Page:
I have a Nikon D3300 DSLR with 18-55mm lens. It was working well, but yesterday fell from the tripod. Now, I am trying to take pictures, but it just says the subject is too dark and can't adjust the exposure even when shooting in bright daylight. It just shows a completely black image on the screen, but my previous pictures and videos from before the fall look okay.

What should I do? Is the problem with the camera body or lens? Should I buy a new lens?

  • \$\begingroup\$ Have you tried all the different modes, is there an option to do a full reset to factory settings. \$\endgroup\$
    – Alaska Man
    Aug 23, 2018 at 20:46
  • \$\begingroup\$ yes i had tried all the different modes. it was no problem before fell down from tripod, but now when i took photo it' come totally black. do you know what is the main problem?? \$\endgroup\$
    – Tul Purja
    Aug 23, 2018 at 21:09
  • \$\begingroup\$ Does your screen light up when you use the camera's menu? How about when you are in Live View before the shot? Does it light up and show the scene then? \$\endgroup\$
    – Michael C
    Aug 24, 2018 at 6:27
  • \$\begingroup\$ What does the light meter indicate? Does it provide a reading at all? \$\endgroup\$
    – Michael C
    Aug 24, 2018 at 6:28
  • \$\begingroup\$ Did you check the internal mechanics? Remove lens and take a picture and look if the mirror and shutter moves at all? Or is there any other visible damage to the camera or lens? If you are sure, that no mechanical problem is there, then electronics came to my mind and at this point you should just use a repair service. \$\endgroup\$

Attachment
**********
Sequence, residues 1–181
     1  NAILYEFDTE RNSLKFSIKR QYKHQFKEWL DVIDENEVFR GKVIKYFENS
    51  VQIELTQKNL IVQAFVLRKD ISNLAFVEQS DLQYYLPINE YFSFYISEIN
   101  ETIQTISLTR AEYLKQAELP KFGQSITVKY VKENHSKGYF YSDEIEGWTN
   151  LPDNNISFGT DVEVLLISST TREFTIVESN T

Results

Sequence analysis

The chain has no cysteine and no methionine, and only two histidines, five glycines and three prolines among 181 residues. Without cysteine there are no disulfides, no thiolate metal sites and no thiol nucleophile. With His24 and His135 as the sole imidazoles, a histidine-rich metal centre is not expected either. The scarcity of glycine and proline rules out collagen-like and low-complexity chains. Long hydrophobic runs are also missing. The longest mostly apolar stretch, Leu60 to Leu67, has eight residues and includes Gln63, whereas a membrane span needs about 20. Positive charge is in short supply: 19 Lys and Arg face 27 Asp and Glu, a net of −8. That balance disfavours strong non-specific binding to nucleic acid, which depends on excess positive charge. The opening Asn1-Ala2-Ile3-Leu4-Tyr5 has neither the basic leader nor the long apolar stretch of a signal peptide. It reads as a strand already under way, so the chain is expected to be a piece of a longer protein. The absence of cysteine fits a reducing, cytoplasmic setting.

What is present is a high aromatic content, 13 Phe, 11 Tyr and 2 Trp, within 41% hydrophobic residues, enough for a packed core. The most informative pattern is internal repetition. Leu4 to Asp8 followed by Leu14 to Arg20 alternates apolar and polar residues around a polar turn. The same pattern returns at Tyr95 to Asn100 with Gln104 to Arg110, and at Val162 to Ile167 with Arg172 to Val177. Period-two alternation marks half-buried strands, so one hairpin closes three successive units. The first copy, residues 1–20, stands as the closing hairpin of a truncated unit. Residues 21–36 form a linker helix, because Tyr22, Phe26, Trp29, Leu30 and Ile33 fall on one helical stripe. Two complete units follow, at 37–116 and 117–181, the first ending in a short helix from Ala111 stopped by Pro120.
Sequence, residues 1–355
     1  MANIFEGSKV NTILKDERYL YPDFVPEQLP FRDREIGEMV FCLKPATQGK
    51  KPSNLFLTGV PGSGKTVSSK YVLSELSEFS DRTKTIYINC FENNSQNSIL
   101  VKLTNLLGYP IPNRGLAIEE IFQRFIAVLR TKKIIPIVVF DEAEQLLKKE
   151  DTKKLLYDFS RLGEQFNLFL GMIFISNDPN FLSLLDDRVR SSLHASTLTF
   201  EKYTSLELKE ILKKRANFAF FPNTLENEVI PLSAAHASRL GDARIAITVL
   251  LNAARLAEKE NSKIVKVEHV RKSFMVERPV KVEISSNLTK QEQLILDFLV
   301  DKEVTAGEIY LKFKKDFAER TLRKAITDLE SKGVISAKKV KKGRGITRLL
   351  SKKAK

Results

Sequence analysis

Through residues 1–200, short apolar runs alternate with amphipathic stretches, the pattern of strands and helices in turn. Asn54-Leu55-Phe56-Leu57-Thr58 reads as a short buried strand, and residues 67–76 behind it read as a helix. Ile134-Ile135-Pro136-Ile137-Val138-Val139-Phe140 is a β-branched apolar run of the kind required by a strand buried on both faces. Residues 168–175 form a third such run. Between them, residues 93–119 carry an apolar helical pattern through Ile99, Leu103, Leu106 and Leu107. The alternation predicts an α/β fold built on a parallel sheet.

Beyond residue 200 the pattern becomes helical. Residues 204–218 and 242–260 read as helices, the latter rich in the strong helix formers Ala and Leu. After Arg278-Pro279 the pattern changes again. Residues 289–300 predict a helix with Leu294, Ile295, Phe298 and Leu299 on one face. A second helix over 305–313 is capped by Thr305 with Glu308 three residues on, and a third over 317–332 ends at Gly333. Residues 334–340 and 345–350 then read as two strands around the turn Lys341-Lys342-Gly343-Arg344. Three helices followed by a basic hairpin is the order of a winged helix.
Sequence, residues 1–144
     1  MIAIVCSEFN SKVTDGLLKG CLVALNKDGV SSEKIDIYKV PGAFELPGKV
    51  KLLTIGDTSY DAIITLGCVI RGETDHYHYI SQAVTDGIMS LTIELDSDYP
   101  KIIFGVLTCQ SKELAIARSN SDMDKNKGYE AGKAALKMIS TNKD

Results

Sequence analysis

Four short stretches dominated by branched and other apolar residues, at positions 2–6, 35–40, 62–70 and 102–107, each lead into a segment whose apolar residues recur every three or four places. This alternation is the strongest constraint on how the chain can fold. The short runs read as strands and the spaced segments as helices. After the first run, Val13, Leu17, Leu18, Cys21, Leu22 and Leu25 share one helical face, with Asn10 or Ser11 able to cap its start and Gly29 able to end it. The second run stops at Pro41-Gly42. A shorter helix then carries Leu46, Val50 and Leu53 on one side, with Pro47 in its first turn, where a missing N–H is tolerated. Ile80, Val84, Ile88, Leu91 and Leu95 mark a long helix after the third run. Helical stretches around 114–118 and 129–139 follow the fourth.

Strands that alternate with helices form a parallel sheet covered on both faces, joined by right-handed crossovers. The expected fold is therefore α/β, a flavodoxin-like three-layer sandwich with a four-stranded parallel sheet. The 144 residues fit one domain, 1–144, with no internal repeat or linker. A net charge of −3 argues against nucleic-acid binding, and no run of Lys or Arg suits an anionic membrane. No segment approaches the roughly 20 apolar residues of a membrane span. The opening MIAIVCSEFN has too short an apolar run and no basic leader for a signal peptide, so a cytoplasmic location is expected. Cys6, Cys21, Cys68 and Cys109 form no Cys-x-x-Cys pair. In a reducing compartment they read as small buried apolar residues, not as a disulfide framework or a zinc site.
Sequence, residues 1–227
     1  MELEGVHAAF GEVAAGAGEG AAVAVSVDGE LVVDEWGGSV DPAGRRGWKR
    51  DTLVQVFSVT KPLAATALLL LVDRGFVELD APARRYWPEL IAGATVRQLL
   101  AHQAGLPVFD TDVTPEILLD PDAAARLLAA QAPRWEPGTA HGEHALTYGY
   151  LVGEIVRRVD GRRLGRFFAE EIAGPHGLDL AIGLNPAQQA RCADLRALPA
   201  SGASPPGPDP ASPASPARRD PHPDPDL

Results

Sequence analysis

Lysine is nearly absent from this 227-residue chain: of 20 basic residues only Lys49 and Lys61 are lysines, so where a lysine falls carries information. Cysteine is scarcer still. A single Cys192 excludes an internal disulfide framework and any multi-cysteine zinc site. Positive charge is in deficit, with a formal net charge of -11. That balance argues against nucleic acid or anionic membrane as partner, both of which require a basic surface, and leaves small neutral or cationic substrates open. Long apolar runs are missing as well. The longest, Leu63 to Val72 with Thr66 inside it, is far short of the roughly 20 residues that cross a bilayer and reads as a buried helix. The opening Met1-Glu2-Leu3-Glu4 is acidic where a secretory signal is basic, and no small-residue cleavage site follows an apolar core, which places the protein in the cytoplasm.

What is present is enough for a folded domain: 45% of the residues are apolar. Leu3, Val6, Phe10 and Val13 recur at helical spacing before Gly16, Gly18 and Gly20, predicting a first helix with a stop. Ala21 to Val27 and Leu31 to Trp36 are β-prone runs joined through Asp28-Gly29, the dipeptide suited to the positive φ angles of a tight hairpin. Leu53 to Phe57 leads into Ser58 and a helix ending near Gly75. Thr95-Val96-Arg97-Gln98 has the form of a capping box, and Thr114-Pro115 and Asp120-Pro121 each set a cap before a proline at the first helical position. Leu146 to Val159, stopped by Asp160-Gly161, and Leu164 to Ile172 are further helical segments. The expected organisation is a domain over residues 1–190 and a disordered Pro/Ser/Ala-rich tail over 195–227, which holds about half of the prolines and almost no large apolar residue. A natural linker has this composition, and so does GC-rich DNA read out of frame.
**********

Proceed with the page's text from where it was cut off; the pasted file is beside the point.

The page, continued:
– Horitsu
    Aug 24, 2018 at 7:06

1 Answer 1


Following is a list of some steps that may be helpful when attempting to determine whether your lens or your camera is broken. They are not guaranteed to find the cause of your problem. Rather, they are intended to direct your suspicions toward one or the other.

The list is long, but if you're familiar with your camera's operation, it should be quicker for you to do them than it is to write or read them. Skip any steps that do not apply to your particular lens or camera.

  1. It is a good sign that you are able to turn on and view previously taken images. This reduces the likelihood that your camera is broken. Try using the lens with a different camera if you have access to one. Also, if you can, try using a different lens with your camera.

    If the lens works fine with a different body, it is more likely that your camera body is broken. If the camera body works fine with a different lens, then it is more likely that the lens is broken. If both work fine connected to different equipment, but don't work when connected to each other, there is probably a problem with the communication between your camera and lens. Perhaps an issue with the contacts.

  2. Go into the camera menu to enable the ability to shoot without lens.

  3. Remove the lens from your camera. Observe mirror movement while firing the shutter. If movement appears abnormal, your camera may be broken.

  4. If the mirror appears to move normally, enable mirror lockup mode. Observe shutter movement while firing the shutter. If movement appears abnormal, your camera may be broken.